Our gestures mean what we intend them to mean and not what those who disagree with us want them to mean. Of course we should be sensitive to how our actions may be perceived. For Prince Harry to dress up as Adolf Hitler for a fancy dress party was frankly stupid and insensitive even if no offence was intended. But it is also incumbent on all of us to try to understand and accept actions in the spirit in which they are intended. That is particularly true for people in public life. For anyone to suggest that English manager, Gareth Southgate, and his players, several of whom had themselves endured vile racist abuse, were doing anything other than protesting about racism in British football would be despicable. That both the Prime Minister and the Home Secretary should chose to do so publicly is truly shocking. As for the Tory MP who said he would refuse to watch the England team because of their action (gesture politics par excellence) such pettiness is beneath contempt.


In the wake of the reaction to the on-line abuse the government have tried to back-track, but their protestations are unconvincing. Their initial reactions and slowness to respond to the public outrage about the abuse, speak eloquently about the core values of the government and their most loyal supporters. The Prime Minister of course has a track record of crass and insensitive remarks about ethnic and religious minorities and we should perhaps expect nothing better of him. But the Home Secretary is a rather different case. As someone of Indian descent who has herself suffered racist abuse, it would be absurd to describe Priti Patel as a racist. But whereas, given her background and experience, one might have expected her to strongly support the England team’s actions, she chose instead to disparage them, allowing her hard right-wing views and Party loyalties to trump any aversion to the racist abuse levelled at her fellow citizens. In so doing she has inevitably, albeit unintentionally, given comfort and encouragement to the racists. That is rather sad.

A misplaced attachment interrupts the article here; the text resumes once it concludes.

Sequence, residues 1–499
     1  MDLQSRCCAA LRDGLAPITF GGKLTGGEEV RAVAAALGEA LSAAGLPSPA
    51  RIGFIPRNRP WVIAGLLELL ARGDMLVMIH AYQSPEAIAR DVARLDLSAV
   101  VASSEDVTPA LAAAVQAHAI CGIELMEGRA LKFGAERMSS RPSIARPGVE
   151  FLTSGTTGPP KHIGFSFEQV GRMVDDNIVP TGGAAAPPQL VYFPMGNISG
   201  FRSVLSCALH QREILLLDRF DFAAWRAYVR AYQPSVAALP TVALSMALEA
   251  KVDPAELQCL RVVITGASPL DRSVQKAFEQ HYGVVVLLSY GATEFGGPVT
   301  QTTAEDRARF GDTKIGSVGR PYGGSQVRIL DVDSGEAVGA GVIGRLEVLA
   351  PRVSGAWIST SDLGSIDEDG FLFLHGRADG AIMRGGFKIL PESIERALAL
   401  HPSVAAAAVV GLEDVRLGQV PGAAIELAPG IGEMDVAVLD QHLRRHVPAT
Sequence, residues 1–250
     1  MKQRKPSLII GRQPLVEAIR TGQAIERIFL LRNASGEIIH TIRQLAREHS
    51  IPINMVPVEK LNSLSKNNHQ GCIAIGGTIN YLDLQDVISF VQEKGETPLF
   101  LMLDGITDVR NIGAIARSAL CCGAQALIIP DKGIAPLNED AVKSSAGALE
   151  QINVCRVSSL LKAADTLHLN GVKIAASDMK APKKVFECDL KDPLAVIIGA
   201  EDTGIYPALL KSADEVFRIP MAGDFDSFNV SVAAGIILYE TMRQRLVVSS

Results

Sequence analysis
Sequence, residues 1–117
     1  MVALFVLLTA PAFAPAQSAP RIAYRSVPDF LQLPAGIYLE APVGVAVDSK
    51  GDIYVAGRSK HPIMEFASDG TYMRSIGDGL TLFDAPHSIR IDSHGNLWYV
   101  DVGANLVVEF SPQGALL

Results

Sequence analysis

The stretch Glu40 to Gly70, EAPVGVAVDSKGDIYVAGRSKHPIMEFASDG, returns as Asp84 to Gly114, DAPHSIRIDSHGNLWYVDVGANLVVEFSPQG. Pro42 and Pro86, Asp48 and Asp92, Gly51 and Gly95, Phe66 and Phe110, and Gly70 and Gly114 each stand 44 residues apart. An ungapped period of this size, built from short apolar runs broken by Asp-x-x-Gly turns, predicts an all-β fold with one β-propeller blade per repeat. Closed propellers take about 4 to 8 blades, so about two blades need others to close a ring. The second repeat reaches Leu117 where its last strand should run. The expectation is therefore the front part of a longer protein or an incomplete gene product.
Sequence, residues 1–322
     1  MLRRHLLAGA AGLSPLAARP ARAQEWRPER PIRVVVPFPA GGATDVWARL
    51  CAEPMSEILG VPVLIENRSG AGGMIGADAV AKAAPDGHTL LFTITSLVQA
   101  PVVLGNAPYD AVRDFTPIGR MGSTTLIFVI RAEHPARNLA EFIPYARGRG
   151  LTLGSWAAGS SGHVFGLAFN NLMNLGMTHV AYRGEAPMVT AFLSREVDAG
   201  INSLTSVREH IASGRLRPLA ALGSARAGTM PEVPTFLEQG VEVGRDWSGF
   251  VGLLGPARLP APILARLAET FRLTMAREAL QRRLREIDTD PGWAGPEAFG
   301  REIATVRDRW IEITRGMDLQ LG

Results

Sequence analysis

But if this whole episode has reflected very badly on the government, that is not true of some of the other persons involved. In taking full responsibility for the performance of the England team, including the choice of the penalty kickers, and giving unstinting support to his young players, including “taking the knee” with them, Gareth Southgate gave an object lesson in leadership which the Prime Minister would do well to emulate. And the widespread outrage expressed by fans and the general public at the abuse levelled at England’s black players shows that basic decency is alive and well in Britain and that the racist trolls and those who would excuse them do not represent the majority of the British people. That is at least one reason why UK citizens can still feel proud to be British.